- Architects In Charge:Bart Reuser, Marijn Schenk, Michel Schreinemachers, John van de Water, Jiang Xiaofei, Jurriaan Hillerström, Luuc Sonke
- Advisor Construction:CERI Engineering Technology Co., Ltd.
- Advisor Lighting:H.G.lighting
- Main Contractor:Capital Engineering & Research Incorporation Company limited
- Client:Municipality of Changsha
- City:Changsha Shi
Text description provided by the architects. NEXT architects are working on a unique series of bridges all over the world. This time, their latest design isn’t an intriguing bat bridge (nominated for the 2016 Dutch Design Awards), but an iconic bridge in China: the Lucky Knot. The new steel pedestrian bridge in the Chinese mega city Changsha is 185 metres long and 24 metres high and fits perfectly in the sequence of extraordinary bridges that characterise NEXT’s practice; by explicitly engaging with the local context, the bridge designs offer new perspectives.
The eye-catching Lucky Knot has down-to-earth Dutch roots: NEXT architects holds offices in Amsterdam and Beijing. In 2013, after the completion of their breathtaking Melkwegbridge in Purmerend, NEXT was invited to take part in an international competition to design a new bridge to be constructed over the Dragon King Harbour River in Changsha’s rapidly developing ‘New Lake District’. For this special commission, the teams in Amsterdam and Beijing joined forces to come up with the unique, winning design: the Lucky Knot. Combining the Dutch team’s expertise in infrastructure and water management and Chinese team’s perseverance and knowledge of the local context was a crucial part of the process. The bridge has already become an icon, and was selected by CNN as one of the “most spectacular bridges that break the mold.”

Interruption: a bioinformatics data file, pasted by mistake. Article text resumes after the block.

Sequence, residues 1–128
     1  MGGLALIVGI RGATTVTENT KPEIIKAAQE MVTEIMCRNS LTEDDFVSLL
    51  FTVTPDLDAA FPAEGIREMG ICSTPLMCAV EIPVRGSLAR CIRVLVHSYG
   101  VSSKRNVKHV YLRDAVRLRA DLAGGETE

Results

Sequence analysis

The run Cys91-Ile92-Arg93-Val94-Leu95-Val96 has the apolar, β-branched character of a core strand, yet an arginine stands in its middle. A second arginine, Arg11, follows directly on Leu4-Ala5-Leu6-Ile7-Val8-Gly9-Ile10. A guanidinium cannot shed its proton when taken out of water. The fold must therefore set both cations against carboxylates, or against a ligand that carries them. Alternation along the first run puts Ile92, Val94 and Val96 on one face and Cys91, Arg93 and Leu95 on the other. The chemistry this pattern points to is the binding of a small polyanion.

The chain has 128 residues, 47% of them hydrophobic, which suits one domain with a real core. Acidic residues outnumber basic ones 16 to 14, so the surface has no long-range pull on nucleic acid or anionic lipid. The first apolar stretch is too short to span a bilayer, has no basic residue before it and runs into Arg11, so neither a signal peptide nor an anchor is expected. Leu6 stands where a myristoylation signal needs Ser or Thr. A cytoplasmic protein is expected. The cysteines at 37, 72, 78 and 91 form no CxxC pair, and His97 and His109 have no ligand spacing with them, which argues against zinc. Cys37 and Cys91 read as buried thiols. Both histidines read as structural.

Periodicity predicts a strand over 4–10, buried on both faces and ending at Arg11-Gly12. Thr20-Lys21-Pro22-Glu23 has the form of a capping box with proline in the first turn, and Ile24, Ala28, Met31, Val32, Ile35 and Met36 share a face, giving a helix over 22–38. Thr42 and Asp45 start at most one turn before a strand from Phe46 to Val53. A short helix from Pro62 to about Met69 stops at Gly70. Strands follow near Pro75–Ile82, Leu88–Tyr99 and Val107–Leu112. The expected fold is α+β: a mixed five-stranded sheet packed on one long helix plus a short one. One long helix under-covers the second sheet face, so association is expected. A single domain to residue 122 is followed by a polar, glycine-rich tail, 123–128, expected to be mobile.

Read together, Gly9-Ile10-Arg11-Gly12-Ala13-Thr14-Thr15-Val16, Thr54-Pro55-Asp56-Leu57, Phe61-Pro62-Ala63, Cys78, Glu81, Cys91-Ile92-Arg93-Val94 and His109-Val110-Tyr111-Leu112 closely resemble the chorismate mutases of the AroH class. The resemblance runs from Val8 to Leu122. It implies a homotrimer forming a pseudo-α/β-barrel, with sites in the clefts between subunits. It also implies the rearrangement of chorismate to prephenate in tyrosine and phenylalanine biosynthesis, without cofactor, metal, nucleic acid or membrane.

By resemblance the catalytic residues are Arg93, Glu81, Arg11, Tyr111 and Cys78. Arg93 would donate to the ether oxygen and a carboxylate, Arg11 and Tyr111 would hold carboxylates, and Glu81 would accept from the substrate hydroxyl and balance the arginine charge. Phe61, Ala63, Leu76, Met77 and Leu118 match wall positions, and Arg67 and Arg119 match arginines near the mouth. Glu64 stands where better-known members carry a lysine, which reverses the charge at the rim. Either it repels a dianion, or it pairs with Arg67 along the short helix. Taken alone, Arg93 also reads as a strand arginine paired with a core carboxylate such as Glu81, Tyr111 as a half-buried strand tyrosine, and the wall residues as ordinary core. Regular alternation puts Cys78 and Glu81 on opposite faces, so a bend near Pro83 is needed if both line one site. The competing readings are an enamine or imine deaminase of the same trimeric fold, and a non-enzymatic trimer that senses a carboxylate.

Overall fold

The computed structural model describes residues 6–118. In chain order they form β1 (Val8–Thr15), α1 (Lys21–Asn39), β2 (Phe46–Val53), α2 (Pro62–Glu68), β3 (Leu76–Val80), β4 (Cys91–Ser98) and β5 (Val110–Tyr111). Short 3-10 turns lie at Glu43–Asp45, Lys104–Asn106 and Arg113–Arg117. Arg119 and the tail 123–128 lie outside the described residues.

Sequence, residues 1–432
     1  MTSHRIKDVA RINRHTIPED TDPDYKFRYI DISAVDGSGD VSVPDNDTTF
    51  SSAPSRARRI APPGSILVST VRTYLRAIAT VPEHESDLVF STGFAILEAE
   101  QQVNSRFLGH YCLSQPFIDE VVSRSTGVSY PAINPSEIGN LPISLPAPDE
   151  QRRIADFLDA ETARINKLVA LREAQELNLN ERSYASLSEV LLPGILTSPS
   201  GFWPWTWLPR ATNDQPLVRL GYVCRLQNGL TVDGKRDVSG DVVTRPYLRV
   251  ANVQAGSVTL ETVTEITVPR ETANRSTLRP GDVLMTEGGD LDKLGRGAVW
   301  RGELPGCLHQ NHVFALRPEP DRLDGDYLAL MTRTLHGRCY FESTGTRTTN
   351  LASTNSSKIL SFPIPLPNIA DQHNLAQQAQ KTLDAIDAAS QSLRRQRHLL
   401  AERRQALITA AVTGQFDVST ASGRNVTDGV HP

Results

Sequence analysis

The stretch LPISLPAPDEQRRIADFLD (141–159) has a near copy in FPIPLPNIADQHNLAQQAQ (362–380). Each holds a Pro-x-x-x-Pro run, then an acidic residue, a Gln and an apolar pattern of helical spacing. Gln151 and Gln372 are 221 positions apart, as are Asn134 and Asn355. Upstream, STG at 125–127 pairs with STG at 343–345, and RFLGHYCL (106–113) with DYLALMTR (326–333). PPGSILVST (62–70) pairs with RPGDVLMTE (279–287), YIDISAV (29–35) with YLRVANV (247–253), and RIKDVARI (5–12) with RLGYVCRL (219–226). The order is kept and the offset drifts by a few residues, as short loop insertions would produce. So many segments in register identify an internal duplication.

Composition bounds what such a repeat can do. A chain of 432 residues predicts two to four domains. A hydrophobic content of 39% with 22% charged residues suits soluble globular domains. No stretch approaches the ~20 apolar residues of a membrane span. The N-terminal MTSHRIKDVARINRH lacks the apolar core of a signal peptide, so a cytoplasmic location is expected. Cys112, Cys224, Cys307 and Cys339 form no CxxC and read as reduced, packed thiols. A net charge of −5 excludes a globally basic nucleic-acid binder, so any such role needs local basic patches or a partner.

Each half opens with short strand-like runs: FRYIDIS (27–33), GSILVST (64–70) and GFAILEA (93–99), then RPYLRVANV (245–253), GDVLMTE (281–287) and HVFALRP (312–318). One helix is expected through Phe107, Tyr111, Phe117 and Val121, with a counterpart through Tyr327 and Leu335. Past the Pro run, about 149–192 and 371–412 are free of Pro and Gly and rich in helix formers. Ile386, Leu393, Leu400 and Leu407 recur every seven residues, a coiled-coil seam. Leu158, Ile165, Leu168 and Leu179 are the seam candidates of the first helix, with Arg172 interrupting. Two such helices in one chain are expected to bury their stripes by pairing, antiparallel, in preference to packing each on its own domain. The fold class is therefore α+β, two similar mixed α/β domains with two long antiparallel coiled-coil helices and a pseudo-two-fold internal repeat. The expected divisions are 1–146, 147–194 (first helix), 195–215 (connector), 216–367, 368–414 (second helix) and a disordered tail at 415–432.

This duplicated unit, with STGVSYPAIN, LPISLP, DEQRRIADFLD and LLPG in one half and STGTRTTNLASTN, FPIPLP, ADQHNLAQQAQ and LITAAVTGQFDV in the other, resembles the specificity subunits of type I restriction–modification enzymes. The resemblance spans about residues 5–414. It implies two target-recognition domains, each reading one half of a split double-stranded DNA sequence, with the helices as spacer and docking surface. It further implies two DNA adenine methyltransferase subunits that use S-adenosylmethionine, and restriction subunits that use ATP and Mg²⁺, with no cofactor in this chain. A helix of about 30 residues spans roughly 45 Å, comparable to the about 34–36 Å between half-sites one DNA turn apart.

“NEXT’s designs for both international and national clients distinguish themselves for their singular relationship with their surroundings, their enhancing of the experience of the specific location, and their added value to the site. This is also the case in Changsha. The city is growing and changing rapidly. This context called for a unique gesture to inspire passers-by,” comments Michel Schreinemachers, partner at NEXT architects Amsterdam.
A thousand and one steps
The bridge is a key project in developing the area’s public space, and was designed with recreational, ecological and tourist activities in mind. The bridge connects multiple levels at different heights (the river banks, the road, the higher-placed park as well as the interconnections between them). The final shape of the bridge is the result of -literally and metaphorically- knotting all these routes together. “The shape of the Lucky Knot was inspired by the principle of the Mobius ring, as well as by the Chinese knotting art. In the ancient decorative Chinese folk art, the knot symbolises luck and prosperity,” says John van de Water, partner at NEXT architects Beijing. The bridge owes its imaginative appeal to the combining of tradition and modernity.
“The Lucky Knot is more than a bridge and a connection between two river banks. Its success lays in bringing cultures together, and in the fusion of history, technology, art, innovation, architecture and spectacle,” adds NEXT architects Beijing partner Jiang Xiaofei.
The Lucky Knot connects, illuminates and entertains. The bridge offers a spectacular view of the river, Meixi Lake, the city of Changsha and the surrounding mountain range. Thanks to its remarkable LED lightshow, the bridge is set to become a landmark attraction in the light route that traces the path of the Dragon King Harbour River.